Had a similar problem years ago. It was amazingly simple to correct, and cost NOTHING!
I had a Beseler 67S dichro head that used the original quartz-halogen bulb for years until it died. Paid $25 for a new one that lasted only a few hours. Went back to shop to complain. They graciously replaced it gratis and then told my why BOTH had failed! Not a bad lamp, not a voltage spike (already reduced from 120 to 24V), but bad AC plug prong.
This was years ago before polarized plugs and before three prong, grounded plugs. We dinosaurs remember the old plugs had only two identical prongs. Each was made of bent copper, slightly separated from itself so that it expanded to meet the metal in the receptacle. Over time, the bend becomes flattened and acts like a single blade. When plugged into the receptacle it makes initial contact, but occasionally the contact is momentarily broken, then immediately restored. This happens repeatedly, sometimes very quickly causing arcing in the receptacle, which you cannot see or hear. Naturally, this is detrimental to the bulb and soon burns out the filament. The solution then was to separate the bent metal of each prong of the plug, and keep them separated. This I did and the problem never occurred again. Bulbs lasted for years. The salesman at the photo store was 100% correct.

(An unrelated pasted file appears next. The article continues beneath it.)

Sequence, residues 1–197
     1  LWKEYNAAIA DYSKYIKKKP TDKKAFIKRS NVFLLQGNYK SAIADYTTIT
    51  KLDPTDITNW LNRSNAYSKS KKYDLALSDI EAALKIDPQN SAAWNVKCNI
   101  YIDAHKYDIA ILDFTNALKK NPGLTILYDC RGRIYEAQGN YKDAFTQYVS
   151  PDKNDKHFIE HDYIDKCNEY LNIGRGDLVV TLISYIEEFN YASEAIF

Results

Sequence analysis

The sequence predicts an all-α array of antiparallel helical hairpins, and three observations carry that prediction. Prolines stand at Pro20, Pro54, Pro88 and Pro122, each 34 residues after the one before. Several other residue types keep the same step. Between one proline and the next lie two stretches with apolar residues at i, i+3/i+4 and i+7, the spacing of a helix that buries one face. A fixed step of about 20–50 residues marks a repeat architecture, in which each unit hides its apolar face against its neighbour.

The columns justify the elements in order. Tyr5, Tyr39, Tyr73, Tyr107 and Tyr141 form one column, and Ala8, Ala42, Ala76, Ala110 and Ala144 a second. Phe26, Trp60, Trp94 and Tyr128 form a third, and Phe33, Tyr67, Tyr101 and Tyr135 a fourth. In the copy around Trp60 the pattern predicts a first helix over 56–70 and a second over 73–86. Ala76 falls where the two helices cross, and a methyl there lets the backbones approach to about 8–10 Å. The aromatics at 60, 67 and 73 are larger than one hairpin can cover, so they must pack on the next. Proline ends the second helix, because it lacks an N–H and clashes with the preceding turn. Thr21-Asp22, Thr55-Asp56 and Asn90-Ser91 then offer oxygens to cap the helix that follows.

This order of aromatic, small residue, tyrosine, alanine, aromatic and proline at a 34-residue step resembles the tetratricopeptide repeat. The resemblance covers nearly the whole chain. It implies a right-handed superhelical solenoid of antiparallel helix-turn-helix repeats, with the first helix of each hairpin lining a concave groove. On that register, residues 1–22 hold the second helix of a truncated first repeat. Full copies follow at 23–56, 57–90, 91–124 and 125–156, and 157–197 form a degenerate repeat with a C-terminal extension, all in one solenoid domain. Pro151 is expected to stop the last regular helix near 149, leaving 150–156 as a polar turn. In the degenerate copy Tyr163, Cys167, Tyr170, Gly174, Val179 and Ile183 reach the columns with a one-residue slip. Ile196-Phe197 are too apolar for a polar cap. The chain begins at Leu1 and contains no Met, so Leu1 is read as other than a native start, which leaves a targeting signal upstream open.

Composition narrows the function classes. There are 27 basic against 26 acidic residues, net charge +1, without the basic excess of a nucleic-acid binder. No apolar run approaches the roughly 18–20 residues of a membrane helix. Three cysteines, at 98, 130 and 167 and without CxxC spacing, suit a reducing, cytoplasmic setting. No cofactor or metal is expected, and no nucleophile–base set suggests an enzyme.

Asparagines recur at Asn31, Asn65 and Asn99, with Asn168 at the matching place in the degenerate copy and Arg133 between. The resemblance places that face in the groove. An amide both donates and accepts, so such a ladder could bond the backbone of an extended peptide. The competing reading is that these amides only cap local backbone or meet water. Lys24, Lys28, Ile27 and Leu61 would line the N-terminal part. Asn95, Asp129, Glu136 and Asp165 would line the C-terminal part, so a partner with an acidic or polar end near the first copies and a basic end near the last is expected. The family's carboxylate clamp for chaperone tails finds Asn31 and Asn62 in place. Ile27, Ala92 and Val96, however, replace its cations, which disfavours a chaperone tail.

I, too, have a DeVere, and it has solid plug prongs. If your plug prongs are folded copper that have been flattened, separate them with a small screwdriver. But since almost all electrical equipment today has either polarized plugs or three-pronged plugs, I doubt that is your problem. However, the wiring to your receptacle or the wiring from the plug could be intermittently defective. If you are getting unperceivable, split second interruptions of current to the lamp, you are shortening the life of the filament. Two things could be wrong. First, check for tightly fitting plugs, bad wiring in the receptacle, or bad wiring to or from receptacle. Frayed or cracked insulation could indicate old or damaged wiring and could be suspect. Inadequately spliced or poorly wirenut-joined wires also are suspect.
Second, and this is a long shot, check the ground. If non-existent or insufficient in the receptacle, fix it AND run a redundant ground wire from the enlarger chassis to a nearby metal plumbing pipe, bypassing the receptacle ground.
Barring any electrical problem in the enlarger (intermittent short or open), this could correct your problem.
Good luck and let the rest of the world know how you solve your problem.